France urges EU to tackle issue of a non-nuclear Germany

17th June 2011, Comments 4 comments

France's Energy Minister Eric Besson is urging the European Commission to tackle the knock-on effects of Germany's decision to abandon nuclear power, fearing energy supplies problems, in a letter seen Friday.

"Our national decisions can have a substantial impact on the balance between electricity demand and supply in other European Union nations," Besson wrote, without referring specifically to Germany's decision to go nuclear-free by 2022.

In the letter addressed to EU energy tsar Guenther Oettinger, a copy of which was seen by AFP, Besson said the EU's executive arm should ask the European electricity grid managers to analyse the national consequences of the decision in the short-, medium- and long-term.

Besson also calls for an alert cell to be set up "capable to react to all critical situations this summer".

Chancellor Angela Merkel's cabinet signed this month on a package of bills, prompted by Japan's Fukushima disaster, that foresee Europe's biggest economy being nuclear-free by 2022, and at a faster pace than envisaged.

Germany's nine reactors currently on line are due to be turned off between 2015 and 2022.

The seven oldest reactors were already switched off after Japan's massive March 11 earthquake and a tsunami knocked out cooling systems at the Fukushima Daiichi plant, causing reactors to overheat and radiation to leak.

Some EU nations have since reproached Berlin for not consulting its European partners before announcing the decision.

The German move could have particular consequences for France which imports electricity from its neighbour.

© 2011 AFP

3 Comments To This Article

  • posted:

    on 18th June 2011, 23:59:39 - Reply

    I agree...nuclear power is the future!
  • ZAJ posted:

    on 18th June 2011, 23:58:38 - Reply

    sure you make alote of sense...iam sure when the next oil spill hit EU or pipe burst...

    you and all the other will be the ones demonstrating for a pro-nuclear future...

    very narrow minded of the 10 years france GDP will over take germany...germany is on its leg down...for the next 2 years it will constastantly have to invest in importing energy...

    this is why the chez, france slovakia and half EU countries surround germany have opted to increase nuclear productions to sell at a premium...

  • siouxx posted:

    on 18th June 2011, 10:45:02 - Reply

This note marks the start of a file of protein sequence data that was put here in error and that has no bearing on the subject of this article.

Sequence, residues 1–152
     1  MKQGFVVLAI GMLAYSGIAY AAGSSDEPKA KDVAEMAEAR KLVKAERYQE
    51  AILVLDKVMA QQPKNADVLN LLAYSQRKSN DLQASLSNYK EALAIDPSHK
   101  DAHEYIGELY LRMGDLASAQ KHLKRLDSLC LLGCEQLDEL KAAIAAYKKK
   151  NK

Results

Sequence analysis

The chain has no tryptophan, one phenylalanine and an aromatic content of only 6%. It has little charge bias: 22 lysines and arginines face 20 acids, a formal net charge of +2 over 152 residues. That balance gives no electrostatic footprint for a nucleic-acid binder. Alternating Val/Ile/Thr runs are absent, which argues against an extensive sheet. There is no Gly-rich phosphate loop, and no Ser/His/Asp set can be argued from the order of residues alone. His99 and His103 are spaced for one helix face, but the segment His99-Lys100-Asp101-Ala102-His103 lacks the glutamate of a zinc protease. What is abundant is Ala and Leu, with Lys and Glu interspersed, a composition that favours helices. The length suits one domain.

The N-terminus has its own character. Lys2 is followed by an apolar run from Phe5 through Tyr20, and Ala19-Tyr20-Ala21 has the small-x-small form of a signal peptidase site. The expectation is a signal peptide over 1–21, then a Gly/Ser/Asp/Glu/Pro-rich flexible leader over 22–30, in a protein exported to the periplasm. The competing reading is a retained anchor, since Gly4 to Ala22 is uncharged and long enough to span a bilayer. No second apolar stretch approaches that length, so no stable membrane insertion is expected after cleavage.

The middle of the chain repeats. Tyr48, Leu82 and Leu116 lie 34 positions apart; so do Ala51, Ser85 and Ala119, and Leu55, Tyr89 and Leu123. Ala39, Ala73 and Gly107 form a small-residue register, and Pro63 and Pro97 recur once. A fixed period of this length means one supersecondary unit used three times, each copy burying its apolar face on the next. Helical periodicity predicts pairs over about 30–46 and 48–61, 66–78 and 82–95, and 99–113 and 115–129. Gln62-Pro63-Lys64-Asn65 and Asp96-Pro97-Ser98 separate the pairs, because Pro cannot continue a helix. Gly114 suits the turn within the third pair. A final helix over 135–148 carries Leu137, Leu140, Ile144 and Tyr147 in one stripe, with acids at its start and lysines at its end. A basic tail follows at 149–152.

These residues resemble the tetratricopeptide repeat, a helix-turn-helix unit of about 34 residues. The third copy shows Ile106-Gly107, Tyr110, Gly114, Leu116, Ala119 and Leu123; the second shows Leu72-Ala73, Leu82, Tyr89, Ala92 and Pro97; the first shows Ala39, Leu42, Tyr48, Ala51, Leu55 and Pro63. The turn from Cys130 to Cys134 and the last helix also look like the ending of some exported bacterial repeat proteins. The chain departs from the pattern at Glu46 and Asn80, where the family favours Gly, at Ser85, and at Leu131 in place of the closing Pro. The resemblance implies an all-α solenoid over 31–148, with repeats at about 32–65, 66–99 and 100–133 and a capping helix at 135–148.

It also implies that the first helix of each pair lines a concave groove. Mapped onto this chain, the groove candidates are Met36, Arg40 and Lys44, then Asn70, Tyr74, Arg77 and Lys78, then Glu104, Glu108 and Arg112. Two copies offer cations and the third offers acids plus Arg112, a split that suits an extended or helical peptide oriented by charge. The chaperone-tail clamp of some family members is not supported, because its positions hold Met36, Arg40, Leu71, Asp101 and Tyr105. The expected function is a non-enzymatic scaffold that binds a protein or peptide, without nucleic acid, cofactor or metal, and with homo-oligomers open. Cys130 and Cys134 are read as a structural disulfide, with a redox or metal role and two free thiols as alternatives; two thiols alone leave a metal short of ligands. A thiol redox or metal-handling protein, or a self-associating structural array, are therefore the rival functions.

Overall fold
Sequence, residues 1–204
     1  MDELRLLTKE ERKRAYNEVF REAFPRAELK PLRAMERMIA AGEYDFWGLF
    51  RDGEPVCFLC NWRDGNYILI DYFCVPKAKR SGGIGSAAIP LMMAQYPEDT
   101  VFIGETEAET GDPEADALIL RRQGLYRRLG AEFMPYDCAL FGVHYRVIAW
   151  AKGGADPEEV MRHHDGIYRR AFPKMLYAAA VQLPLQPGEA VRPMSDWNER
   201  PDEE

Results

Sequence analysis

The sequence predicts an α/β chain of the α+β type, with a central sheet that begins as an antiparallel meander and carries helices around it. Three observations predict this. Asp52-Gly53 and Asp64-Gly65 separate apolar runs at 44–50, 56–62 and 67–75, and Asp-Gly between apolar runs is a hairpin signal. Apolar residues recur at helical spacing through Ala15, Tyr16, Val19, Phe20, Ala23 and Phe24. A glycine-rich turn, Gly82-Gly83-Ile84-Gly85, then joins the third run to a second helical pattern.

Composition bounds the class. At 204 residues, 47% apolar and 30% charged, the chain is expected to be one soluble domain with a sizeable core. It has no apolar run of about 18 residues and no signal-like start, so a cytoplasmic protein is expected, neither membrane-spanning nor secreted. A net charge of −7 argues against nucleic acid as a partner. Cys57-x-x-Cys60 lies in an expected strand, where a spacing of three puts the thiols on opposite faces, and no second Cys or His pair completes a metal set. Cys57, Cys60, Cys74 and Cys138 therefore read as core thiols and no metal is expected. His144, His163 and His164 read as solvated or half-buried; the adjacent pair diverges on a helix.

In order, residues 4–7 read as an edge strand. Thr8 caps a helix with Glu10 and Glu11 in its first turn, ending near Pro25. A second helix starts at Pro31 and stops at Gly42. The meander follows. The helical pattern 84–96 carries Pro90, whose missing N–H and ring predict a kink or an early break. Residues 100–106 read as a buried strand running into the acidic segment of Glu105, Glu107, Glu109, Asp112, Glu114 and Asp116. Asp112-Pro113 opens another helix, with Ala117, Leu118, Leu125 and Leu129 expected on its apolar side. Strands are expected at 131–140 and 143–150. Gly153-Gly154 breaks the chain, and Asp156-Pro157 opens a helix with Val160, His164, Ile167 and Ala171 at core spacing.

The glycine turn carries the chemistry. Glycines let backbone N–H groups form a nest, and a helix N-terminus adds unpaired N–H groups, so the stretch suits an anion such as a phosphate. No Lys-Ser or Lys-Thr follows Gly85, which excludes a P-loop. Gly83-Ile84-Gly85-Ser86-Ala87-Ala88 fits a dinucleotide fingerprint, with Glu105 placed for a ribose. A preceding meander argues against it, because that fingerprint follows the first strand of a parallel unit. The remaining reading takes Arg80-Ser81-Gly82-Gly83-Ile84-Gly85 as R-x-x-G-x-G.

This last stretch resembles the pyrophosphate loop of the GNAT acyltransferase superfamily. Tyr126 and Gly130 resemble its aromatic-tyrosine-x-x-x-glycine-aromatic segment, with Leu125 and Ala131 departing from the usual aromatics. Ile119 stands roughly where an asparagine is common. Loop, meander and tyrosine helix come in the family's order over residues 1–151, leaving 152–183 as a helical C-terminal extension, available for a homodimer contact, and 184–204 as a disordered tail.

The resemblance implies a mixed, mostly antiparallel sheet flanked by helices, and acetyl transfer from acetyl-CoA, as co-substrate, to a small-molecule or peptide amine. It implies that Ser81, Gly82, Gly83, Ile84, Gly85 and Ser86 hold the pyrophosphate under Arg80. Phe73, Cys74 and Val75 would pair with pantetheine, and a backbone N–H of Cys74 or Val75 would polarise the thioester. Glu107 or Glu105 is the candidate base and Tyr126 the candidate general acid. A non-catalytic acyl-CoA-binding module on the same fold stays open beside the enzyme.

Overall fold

What a joke but who's laughing - the great producer of nuclear power but most of it goes for export because a nuclear power station produces constantly at maximum. Thus France experiences a shortfall at peak demand and has to import energy from coal,gas and oil fired power stations and the carbon tarif is paid by the producing country. In addition, 75% of France's nuclear energy produced is lost between plant and consumer, so the plants have to overproduce and consequently create all that nuclear waste, for which there is still no plan for disposal (after over 40 years of operation). Now one leader, for whatever reason, has said stop and all the tired old dinosaurs, politicians and industrialists are running about wondering how to save nuclear. One might ask why, as its technology and basic materials are as a closed book to them - otherwise, like Einstein, they would have known they were neither technically nor mentally equipped to tangle with it. So post-Fukushima, sorry, post Chernobyl, why hold on to such an outmoded and dangerous industry - the answer is because for years they have poured research and development money into it at the expense of everything else - systematically starving out all the intelligent alternatives. I don't give a damn why Angela Merkel has changed her mind but it is probably the best and greatest decision and most far-reaching for humanity she will ever make. All this information can be found freely on the internet if anyone bothers to look and while doing so take a squint at Fairewinds Associates - Arnie Gundersen, nuclear engineer and ex nuclear plant operator will let you know how the industry's planned worst case scenario was 5% damage to one reactor - clever bloke Einstein and one Hell of a way to boil a kettle.